Finding the Balance Between Development and the Right to Life

 

For a party that rode to power on the plank of development, one would imagine that the Modi administration would listen to the people and offer pragmatic solutions to the problems we face in India today. Unfortunately, after coming to power the PM has seldom attempted to listen to people. His attendance in the Parliament has been very poor and he has not answered the questions posed to him by the opposition. He has neither held a candid press conference since 2014.

 

 

Yet, Modi strangely observed a ‘black day’ to mark the declaration of the emergency four decades ago. He ironically harped on the tenets of democracy, even though his is perhaps the opaquest government in Indian history. However, it isn’t only the concept of democracy that the Modi administration is confused about. They seem oblivious of the meaning of development and progress, the two key words that they used ad nauseum during the 2014 elections.

 

 

Despite examples galore, one must look at the response to the police brutality in Thoothukudi last month in which 13 people lost their lives. The otherwise social media savvy Prime Minister has maintained a shrill silence over the tragic killings. When asked about why the PM hasn’t shared his thoughts on the police firing, union minister Nirmala Sitharaman, said on June 9th that she ‘will ask and tell’. There hasn’t been a word either from her or from the PM on this matter since.

 

 

As if to rub salt into the wounds of some of those protesting against and the others pleading the government to ensure their right to life is not violated in the name of ‘development’, the PM took time out to make a video about his exercise routine.

 

 

 

 

 

 

Supposedly the purpose of the video was to encourage people to have a healthy life style. Yet, when the people in Thoothukudi have been protesting for long that their health was being destroyed by the carcinogenic materials being released by Sterlite, the PM was and remains unmoved. The contamination of water and air has resulted in many villagers being afflicted by caner, skin diseases, infertility, and miscarriages amongst scores of other health problems attributed to the pollution caused by the ‘development’. How many people must die, before the PM breaks his silence, or how many years must pass before he observes another ‘black day’, should there be an industrial tragedy like in Bhopal?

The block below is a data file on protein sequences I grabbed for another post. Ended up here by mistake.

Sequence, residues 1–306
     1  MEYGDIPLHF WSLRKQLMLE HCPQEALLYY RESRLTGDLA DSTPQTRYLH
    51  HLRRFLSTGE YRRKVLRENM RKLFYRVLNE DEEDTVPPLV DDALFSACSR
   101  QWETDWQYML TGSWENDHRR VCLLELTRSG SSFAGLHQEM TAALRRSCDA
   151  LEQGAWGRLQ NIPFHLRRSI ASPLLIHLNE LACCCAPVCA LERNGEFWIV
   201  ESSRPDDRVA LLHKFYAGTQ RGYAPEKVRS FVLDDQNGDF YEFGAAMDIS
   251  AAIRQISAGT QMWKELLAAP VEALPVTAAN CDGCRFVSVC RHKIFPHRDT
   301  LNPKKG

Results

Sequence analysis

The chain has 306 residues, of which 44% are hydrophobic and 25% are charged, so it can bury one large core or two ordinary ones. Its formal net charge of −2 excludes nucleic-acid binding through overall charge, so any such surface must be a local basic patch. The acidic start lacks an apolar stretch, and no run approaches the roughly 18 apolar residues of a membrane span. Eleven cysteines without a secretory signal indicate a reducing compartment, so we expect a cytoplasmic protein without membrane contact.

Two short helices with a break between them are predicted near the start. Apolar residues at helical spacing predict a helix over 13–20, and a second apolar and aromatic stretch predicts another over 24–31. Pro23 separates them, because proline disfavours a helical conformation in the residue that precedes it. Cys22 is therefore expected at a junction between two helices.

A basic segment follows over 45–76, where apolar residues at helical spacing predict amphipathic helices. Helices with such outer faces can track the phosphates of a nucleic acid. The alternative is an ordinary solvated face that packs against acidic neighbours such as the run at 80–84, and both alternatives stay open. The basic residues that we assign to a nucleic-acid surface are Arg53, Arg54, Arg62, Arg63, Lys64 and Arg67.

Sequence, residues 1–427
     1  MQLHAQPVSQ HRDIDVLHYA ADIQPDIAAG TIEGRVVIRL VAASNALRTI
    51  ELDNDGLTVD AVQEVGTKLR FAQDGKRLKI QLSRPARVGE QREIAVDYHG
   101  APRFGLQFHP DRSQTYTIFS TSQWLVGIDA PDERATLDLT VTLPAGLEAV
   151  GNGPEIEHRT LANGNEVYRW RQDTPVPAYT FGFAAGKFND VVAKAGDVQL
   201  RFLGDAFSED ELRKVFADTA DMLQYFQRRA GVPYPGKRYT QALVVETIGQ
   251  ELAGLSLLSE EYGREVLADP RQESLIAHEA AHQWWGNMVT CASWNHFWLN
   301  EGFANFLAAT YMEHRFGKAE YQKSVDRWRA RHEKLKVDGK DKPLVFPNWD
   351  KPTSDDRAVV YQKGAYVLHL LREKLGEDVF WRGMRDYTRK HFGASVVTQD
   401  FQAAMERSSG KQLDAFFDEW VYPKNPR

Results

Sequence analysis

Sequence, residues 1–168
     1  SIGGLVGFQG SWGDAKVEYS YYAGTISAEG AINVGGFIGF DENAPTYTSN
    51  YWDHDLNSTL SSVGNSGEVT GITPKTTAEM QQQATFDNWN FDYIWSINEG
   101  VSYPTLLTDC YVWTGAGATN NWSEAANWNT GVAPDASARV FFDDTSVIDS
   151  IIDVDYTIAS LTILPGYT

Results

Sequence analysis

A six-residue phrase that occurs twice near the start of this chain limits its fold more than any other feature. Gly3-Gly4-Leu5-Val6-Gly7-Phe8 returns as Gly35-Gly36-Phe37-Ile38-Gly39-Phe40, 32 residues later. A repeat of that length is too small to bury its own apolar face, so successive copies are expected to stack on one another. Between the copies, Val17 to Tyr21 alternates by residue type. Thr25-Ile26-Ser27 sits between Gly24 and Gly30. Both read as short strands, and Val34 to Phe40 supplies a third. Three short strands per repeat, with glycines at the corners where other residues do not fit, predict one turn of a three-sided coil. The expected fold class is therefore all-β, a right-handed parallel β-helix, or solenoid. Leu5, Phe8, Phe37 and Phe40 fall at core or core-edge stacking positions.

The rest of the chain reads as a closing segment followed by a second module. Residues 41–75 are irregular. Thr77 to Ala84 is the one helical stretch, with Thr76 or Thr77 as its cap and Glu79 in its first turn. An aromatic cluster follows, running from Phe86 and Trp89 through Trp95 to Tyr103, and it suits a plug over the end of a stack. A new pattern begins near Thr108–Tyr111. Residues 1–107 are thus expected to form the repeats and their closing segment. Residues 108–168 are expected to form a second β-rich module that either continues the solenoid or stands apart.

The few noises regarding the matter that are being made are by influential Godmen (who are seen as being close to the PM) like Ramdev Baba and Jaggi Vasudev, who claims that “lynching large scale business is economic suicide”. As has become the wont of this government, they have subtly attempted to strike the ‘nationalism’ chord by claiming that “India has immense use for copper. If we don’t produce our own, of course we will buy from China’.

 

Many people on social media seem to subscribe to the view that India must be self sufficient so that we become a strong nation. They fail to understand that autarky is not pragmatic in a globalized world and only the likes of North Korea attempt to attain it. Even if one were to purely consider the national interest, it would be better to import the copper from China, because they will help us retain our environmental wealth. Of course, even this is a myopic view as the catastrophes that result from environmental damage, know no national/political boundaries.

 

 

Thus, if the PM truly intends to safeguard democracy, he must start listening to people and looking for solutions that people expect the government to provide. Exercise videos may be light hearted, but the government cannot lose sight of the real problems. It cannot ignore the safety and future of people, especially of those who are poor and marginalized.  Plush buildings in cities is not what development is about. Real development is inclusive and sustainable. Hope the PM corrects his views.

நிகழ்வுகள்